When to take dog to vet

Every pet owner should ensure that their pets are kept healthy and free from pain. Regular visits to the Vet are very important!

To ensure the quality of life that your four-legged best friend deserves, it is important to regularly visit the veterinarian whenever necessary. Like babies, dogs require much care and attention to their health especially when they start out as puppies. It pays to have a regular vet who you can easily visit for regular check-ups and for when you notice that your dog may be sick.

The advantage of having a regular mainstay vet is that their clinic will have a permanent record of your pet, and so history-taking, follow-up checks, and booster shots are conducted smoothly. Having the number of your vet and any nearby 24-hour vet clinic saved on your phone can also come in handy should an emergency arise.

The First Visit

When you first bring your dog to the vet, he/she will most likely ask you to fill up a form with all the pertinent information about your pooch. Your vet will also be willing to discuss with you about routine procedures, such as deworming, vaccination, and giving medications to prevent tick and flea infestations and heartworm, among other canine diseases that may be rampant in your area.

Feel free to ask your vet about the proper scheduling and choosing the right medications for your dog. When in doubt, ask your vet! Not all medications are safe for all dogs of different breed, age, and size.

The Vaccines To Keep Them Healthy

Vaccines for dogs can be classified into two: core (or recommended) and non-core (or optional). Vaccines that protect dogs against globally significant infectious diseases, specifically canine distemper, canine adenovirus (types 1 and 2), and canine parvovirus type 2, are considered core vaccines because they are recommended to be administered to all dogs worldwide.

Rabies vaccination is a legal requirement in many countries and thus is also recommended by most vets. Non-core vaccines, on the other hand, may vary depending on the area you live and your dog’s general lifestyle, and your vet may weigh the risks with the benefits of providing such vaccines to your dog. It all sounds like a lot, but fortunately your dog does not need a single shot for each disease. 5-in-1 and 6-in-1 vaccines are available, and they give your dogs the protection against most infectious diseases in a single shot.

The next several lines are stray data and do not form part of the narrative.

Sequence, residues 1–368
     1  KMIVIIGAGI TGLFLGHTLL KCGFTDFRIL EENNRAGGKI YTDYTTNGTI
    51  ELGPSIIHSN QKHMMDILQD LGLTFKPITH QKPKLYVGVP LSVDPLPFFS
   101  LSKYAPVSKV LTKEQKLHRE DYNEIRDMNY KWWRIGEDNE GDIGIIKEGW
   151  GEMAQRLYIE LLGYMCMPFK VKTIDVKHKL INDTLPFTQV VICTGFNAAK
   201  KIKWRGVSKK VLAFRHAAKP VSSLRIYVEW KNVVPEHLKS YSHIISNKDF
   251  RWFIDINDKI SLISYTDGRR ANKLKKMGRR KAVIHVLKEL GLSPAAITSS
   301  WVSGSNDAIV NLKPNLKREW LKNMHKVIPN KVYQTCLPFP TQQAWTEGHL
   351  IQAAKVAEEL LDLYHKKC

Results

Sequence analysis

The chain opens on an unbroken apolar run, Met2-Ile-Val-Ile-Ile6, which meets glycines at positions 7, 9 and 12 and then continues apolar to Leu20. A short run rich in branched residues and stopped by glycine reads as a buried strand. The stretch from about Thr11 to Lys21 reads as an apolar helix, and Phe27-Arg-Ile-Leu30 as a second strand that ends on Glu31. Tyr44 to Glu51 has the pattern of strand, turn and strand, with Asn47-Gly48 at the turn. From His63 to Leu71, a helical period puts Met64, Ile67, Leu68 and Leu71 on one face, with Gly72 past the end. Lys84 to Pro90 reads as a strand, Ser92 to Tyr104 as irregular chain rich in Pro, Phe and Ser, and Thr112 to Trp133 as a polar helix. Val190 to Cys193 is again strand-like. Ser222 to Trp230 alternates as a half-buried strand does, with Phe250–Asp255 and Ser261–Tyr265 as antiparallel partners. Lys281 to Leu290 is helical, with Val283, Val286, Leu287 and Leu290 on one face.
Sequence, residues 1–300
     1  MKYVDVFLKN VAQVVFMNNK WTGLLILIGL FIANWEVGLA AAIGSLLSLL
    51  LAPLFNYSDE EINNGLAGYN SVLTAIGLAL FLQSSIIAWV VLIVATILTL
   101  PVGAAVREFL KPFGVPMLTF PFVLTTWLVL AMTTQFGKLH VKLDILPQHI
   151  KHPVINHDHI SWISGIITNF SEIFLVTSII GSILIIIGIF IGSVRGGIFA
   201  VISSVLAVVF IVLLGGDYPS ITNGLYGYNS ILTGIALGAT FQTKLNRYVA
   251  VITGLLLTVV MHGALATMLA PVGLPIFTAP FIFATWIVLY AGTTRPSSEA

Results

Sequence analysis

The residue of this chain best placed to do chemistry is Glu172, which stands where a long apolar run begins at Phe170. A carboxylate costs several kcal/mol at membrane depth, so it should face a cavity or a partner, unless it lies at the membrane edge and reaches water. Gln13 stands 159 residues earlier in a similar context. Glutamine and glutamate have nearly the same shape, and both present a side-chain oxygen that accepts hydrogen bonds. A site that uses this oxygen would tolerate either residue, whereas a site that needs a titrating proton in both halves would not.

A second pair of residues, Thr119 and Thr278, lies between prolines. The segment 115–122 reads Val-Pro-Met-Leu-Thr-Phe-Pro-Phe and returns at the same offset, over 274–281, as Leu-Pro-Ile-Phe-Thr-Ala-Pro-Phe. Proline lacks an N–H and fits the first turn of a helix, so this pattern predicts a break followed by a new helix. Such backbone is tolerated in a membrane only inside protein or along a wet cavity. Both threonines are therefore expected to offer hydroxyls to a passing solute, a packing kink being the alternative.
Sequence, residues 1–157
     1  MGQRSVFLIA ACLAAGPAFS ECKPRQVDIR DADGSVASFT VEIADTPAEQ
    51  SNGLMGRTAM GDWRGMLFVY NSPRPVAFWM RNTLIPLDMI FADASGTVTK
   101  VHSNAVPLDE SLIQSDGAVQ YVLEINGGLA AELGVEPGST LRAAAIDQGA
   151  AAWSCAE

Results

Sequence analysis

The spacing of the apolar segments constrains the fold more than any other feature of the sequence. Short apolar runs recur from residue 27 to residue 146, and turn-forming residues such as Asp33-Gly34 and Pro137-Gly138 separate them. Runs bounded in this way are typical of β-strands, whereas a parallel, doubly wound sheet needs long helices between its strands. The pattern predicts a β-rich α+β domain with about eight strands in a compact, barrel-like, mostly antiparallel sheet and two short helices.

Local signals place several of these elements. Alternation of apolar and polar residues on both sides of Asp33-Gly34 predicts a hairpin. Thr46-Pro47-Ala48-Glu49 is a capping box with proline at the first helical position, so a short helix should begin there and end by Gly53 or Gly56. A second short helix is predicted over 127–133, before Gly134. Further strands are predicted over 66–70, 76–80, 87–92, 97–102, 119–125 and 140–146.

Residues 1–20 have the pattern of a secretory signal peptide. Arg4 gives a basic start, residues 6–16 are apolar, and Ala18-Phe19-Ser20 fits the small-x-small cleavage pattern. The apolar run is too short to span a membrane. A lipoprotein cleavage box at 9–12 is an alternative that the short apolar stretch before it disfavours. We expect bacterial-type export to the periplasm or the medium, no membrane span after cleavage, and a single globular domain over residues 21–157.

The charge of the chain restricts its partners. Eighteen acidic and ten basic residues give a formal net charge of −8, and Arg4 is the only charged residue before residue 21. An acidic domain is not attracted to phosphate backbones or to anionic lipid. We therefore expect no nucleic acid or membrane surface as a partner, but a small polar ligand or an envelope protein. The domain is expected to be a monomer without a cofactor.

Puppies should start having their initial core vaccinations at 6 to 8 weeks old, then every 2 to 4 weeks of age until they reach 16 weeks old. Booster shots are recommended every 12 months thereafter. Depending on several factors, your veterinarian will give you a proper vaccination schedule for your pooch to ensure that it stays protected against many infectious diseases that are otherwise easily preventable with vaccines.


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What To Be Watching For

Unfortunately, infectious diseases are just one part of the broad spectrum of canine diseases. There are a lot of red flags to watch out for that signify that your dog might not be feeling so well. As a rule of thumb, bring your dog immediately to the vet when you notice a sudden change in its behavior, such as lethargy, inappetence, coughing, colds, and signs that it is in pain. Also let your vet know if you notice a new mass on its body, skin lesions, or any abnormal movement or gait.

Visiting The Vet

Even when you think your dog seems perfectly fine, it is best to take it to the animal clinic for regular annual check-ups. This way, your vet has a better chance at detecting a problem earlier on, and your dog has a better chance of living a longer, healthier, and happier life with you.

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